These Ocean Rocks Contain Key Minerals for Making EV Batteries
They’ve got nickel, cobalt, and manganese, but mining them probably isn’t great for ocean ecosystems.
Finding ways to get hold of the metals and minerals to make electric vehicle batteries is a big problem. And it's only going to get bigger, as more and more automakers announce their gigafactory intentions. One barrier keeping this from happening on the massive scale we need it to is the fact that it can be critically environmentally destructive. Also, an awful lot of places containing what's needed are famously tricky to mine. or require towns to be built on sheer cliffs and roped together with cable cars, like the Chiatura manganese mine.
Wouldn't it be great, given that, if there were potato-sized chunks of exactly the dang metals we need just lying around all over the sea bed, ready to get picked up? That sounds fake but it isn't—polymetallic nodules are a real thing that just kind of chill out on the ocean floor. They're formed in a concreting process (well, the ones we're talking about here are) that just smushes 'em up together like important mineral rocky road.
There are polymetallic nodules in a bunch of places across the world's oceans, including the Arctic, but one Canadian company thinks it's hit—well, not gold, but cobalt, which might be better—off the coast of Mexico. The Clarion Clipperton Fracture Zone is covered with the nodules and The Metals Company has permission to start looking into getting down there and picking these little nugs up.
The process is that you take a big boat out then a submarine is deployed to identify and scoop up the nodules to bring back onboard.
Sixteen companies have been given permission to mine for the nodules in the Clarion Clipperton Zone and there have been some explorations already into the environmental impact of collecting the nodules. See, the problem is, they're not just lying around—they're lying around with things living all over them.
You can see some of the nodules on this picture of a deep sea cucumber having an absolutely spiffing time somewhere at the bottom of the Pacific. They're seriously plentiful and it's not a falsehood to say you can just pick them up; however, there are ecosystems that rely on them and deep sea systems aren't just incredibly important to the health of the ocean (and subsequently the planet) but also still pretty unknown. We don't want to destroy them before we find out their function in the way the world works.
The issues are, roughly in order: just straight-up destroying all life on the seabed, CO2 getting released by disturbing the sea floor and so literally making the whole problem worse, chemical release into the water by disrupting the sea bed (there's a lot of stuff that sits there undisturbed) and all of those leading to a loss of biodiversity that will have a knock-on effect up the food chain and into fisheries.
The Pacific's not as dangerous to go poking around in as, say, the Black Sea, which has a lethal anoxic layer that can release huge clouds of lethal hydrogen sulfide. Still, though, there's stuff in the sea bed you need to be careful with disturbing. And that's not just all the really weird fish down there—the sediment absorbs all kinds of things that you don't want billowing into the wider ocean.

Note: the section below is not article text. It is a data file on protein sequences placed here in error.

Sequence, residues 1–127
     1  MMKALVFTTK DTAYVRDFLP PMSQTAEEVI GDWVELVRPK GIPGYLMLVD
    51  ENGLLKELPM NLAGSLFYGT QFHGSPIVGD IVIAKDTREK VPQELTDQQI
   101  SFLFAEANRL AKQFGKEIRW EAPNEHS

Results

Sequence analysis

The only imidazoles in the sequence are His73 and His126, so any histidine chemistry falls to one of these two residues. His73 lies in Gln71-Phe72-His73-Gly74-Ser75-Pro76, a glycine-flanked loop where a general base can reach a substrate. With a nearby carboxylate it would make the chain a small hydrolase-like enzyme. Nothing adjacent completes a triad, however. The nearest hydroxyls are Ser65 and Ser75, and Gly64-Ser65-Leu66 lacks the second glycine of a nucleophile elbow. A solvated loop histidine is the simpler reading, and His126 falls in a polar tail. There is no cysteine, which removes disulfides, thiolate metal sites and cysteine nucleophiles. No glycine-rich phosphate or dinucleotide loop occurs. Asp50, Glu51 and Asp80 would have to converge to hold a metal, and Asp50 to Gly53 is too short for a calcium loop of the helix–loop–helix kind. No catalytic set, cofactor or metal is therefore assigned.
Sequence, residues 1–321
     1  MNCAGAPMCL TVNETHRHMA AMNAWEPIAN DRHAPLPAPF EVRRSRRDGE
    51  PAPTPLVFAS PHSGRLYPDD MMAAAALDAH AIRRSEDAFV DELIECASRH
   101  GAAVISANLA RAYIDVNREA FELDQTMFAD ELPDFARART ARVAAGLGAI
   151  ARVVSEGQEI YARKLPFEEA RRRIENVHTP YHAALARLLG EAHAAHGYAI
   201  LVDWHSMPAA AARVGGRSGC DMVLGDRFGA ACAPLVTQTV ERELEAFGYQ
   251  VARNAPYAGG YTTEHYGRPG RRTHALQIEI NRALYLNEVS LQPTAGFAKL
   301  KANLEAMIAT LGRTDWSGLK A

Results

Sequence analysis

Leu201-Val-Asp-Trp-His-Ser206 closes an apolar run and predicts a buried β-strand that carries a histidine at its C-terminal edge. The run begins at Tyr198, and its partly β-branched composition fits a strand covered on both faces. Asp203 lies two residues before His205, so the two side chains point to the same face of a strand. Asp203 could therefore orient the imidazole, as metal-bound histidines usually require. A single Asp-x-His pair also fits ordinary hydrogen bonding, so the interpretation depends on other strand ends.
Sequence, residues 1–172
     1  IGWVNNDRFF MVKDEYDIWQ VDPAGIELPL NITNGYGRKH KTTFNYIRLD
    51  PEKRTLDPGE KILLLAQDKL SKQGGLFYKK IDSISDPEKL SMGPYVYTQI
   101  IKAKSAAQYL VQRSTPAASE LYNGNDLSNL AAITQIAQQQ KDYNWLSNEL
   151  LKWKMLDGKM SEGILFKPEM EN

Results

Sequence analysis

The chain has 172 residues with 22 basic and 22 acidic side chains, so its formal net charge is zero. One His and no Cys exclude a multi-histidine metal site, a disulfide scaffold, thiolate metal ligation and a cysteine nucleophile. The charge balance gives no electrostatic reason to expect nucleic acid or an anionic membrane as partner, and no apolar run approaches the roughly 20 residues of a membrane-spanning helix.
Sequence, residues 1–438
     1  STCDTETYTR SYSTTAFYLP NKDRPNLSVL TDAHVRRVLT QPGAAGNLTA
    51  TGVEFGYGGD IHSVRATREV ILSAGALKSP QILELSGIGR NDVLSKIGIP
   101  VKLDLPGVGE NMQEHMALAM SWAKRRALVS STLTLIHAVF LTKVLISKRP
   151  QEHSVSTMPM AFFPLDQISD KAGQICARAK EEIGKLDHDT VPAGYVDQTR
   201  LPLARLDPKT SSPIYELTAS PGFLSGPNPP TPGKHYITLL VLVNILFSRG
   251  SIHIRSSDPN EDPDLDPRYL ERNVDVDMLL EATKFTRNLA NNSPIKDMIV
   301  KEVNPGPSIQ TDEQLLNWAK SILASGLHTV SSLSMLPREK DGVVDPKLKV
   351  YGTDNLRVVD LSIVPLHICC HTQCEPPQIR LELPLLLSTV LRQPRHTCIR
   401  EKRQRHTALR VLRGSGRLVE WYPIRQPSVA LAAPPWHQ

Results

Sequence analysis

Stalked sponges live on the nodules, too, creating ecosystems around them. Wherever you get something to congregate around on the ocean floor, you get a community of flora and fauna that thrives there. It gets lonely out on the abyssal plain, searching for food, and these little worlds of sea life are like underwater oases. You'd be very pressed—in fact, I have entirely failed—to find any paper that says you can go right in and take the rocks without having a serious impact on that.
And ok, I'm an EV-focused journalist. I 100 percent buy into the idea we need to make batteries and switch our economies from running on combustion. But we can't do it at the cost of the already-struggling environment, so although The Metals Company is keen to tell you it's taking the environmental impact seriously and does seem to be doing studies with the right people, it's very hard to imagine it's going to back out of the operation if it turns out there are unavoidable impacts.
The issue comes down to the fact we have already destroyed so much of the planet. If we could rewind 150 years and say, "Hey, you know what? We’ll get these magic sea rocks and build battery-powered cars" and "Whoa, slow down there—let’s not completely decimate the rainforest," then we could be in the clear for this type of project. However, the world’s systems are so badly disrupted and broken now that we have to fully assess what will happen every time we do something new because there's such little tolerance left for the environment to take another impact.
Marine life, in particular, is at huge risk. Deep sea dredge fishing has left much of the oceans’ floors totally dead so although the abyssal plain is hardly a bustling environment for life, the places like these polymetallic nodule deposits, where there are ecosystems built around them, are desperately important. There may well be no way to get the mineral we crave without destroying them.
We have to hope there is because it’s very unlikely that industry will be stopped from getting these, now. Like discovering a new species, things are vulnerable simply by us knowing they’re there.
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